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Preferred IUPAC name
Other names
3D model (JSmol)
  • InChI=1S/C37H30P2/c1-7-19-32(20-8-1)38(33-21-9-2-10-22-33,34-23-11-3-12-24-34)31-39(35-25-13-4-14-26-35,36-27-15-5-16-28-36)37-29-17-6-18-30-37/h1-30H
  • C1=CC=C(C=C1)P(=C=P(C2=CC=CC=C2)(C3=CC=CC=C3)C4=CC=CC=C4)(C5=CC=CC=C5)C6=CC=CC=C6
Molar mass 536.595 g·mol−1
Appearance yellow solid
Density 1.205 g/cm3
Melting point 198–201 °C (388–394 °F; 471–474 K)
Except where otherwise noted, data are given for materials in their standard state (at 25 °C [77 °F], 100 kPa).

Hexaphenylcarbodiphosphorane is the organophosphorus compound with the formula C(PPh3)2 (where Ph = C6H5). It is a yellow, moisture-sensitive solid. The compound is classified as an ylide and as such carries significant negative charge on carbon. It is isoelectronic with bis(triphenylphosphine)iminium. The P-C-P angle is 131°.[1] The compound has attracted attention as an unusual ligand in organometallic chemistry.[2]

The pure compound has two crystalline phases: a metastable monoclinic C2 phase that is triboluminescent, and an orthorhombic P222 form that is not. Both polymorphs are photoluminescent, with respective peak wavelengths at 540 and 575 nm.[3]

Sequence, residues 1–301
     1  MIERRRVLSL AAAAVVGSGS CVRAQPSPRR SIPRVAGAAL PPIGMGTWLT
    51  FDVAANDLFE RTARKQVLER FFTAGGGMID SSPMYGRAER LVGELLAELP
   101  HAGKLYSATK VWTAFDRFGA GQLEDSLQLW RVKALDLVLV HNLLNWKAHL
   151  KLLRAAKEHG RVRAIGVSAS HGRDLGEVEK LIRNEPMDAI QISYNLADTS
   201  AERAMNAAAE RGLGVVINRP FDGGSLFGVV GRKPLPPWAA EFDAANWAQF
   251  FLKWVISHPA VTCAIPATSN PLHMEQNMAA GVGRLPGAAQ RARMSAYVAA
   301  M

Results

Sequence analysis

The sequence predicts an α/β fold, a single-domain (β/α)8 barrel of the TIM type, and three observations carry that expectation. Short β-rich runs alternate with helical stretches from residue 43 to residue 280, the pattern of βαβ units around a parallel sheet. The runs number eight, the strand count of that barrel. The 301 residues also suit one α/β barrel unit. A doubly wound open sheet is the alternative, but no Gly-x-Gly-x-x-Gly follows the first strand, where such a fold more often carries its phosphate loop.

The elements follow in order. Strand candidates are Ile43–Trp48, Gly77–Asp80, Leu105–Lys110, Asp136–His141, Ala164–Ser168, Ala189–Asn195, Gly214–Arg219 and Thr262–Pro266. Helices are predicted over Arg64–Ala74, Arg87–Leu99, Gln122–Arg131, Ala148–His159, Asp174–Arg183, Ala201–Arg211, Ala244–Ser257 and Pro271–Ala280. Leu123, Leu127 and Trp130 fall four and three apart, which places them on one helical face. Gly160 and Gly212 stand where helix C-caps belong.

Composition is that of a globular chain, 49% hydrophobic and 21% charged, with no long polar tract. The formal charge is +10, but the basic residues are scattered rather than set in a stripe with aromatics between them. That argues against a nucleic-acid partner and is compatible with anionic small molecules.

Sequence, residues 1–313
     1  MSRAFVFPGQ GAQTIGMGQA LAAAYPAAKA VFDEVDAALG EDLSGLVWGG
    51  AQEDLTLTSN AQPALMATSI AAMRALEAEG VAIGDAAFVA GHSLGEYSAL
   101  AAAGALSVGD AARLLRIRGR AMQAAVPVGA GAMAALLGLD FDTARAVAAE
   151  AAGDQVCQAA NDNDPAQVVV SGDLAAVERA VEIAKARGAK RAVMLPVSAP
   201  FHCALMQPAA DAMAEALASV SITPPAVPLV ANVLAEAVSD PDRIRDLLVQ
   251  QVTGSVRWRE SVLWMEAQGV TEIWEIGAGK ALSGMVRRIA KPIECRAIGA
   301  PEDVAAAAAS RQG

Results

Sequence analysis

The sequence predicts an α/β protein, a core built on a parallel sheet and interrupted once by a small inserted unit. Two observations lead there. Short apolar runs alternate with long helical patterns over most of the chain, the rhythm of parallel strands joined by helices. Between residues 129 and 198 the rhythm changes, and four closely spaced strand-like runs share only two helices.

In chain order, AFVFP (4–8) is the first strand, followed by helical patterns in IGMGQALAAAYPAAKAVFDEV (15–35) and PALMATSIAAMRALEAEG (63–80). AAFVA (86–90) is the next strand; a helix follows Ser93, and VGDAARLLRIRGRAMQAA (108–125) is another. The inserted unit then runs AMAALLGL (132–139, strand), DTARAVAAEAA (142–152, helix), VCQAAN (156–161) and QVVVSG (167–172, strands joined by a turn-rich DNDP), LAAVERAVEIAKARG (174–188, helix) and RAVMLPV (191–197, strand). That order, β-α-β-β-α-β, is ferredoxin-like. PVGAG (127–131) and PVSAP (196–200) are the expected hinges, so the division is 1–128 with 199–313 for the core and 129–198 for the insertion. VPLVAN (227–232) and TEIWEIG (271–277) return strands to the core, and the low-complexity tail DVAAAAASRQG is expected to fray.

The compound was originally prepared by deprotonation of the phosphonium salt [HC(PPh3)2]Br using potassium.[4]

An improved procedure entails production of the same double phosphonium salt from methylene bromide. The double deprotonation is effected with potassium amide.[5]

Related compounds[edit]


  1. ^ Tonner, Ralf; Oexler, Florian; Neumueller, Bernhard; Petz, Wolfgang; Frenking, Gernot (2006). "Carbodiphosphoranes: The Chemistry of Divalent Carbon(0)". Angewandte Chemie International Edition. 45 (47): 8038–8042. doi:10.1002/anie.200602552. PMID 17075933.
  2. ^ Petz, W.; Frenking, G. (2010). "Carbodiphosphoranes and Related Ligands". Transition Metal Complexes of Neutral eta1-Carbon Ligands. Top. Organomet. Chem. Topics in Organometallic Chemistry. Vol. 30. pp. 49–92. Bibcode:2010tmcn.book...49P. doi:10.1007/978-3-642-04722-0_3. ISBN 978-3-642-04721-3.
  3. ^ Hardy, Gordon E.; Kaska, William C.; Chandra, B. P.; Zink, Jeffrey I. (March 1981). "Triboluminescence-structure relationships in polymorphs of hexaphenylcarbodiphosphorane and anthranilic acid, molecular crystals, and salts". Journal of the American Chemical Society. 103 (5): 1074–1079. doi:10.1021/ja00395a014.
  4. ^ Ramirez, Fausto; Desai, N. B.; Hansen, B.; McKelvie, N. (1961). "Hexaphenylcarbodiphosphorane, (C6H5)3P:C:P(C6H5)3". Journal of the American Chemical Society. 83 (16): 3539–40. doi:10.1021/ja01477a052.
  5. ^ Gruber, Marco; Bauer, Walter; Maid, Harald; Schöll, Kilian; Tykwinski, Rik R. (2017). "Synthetic and NMR Studies on Hexaphenylcarbodiphosphorane (Ph3P=C=PPh3)". Inorganica Chimica Acta. 468: 152–158. doi:10.1016/j.ica.2017.04.018.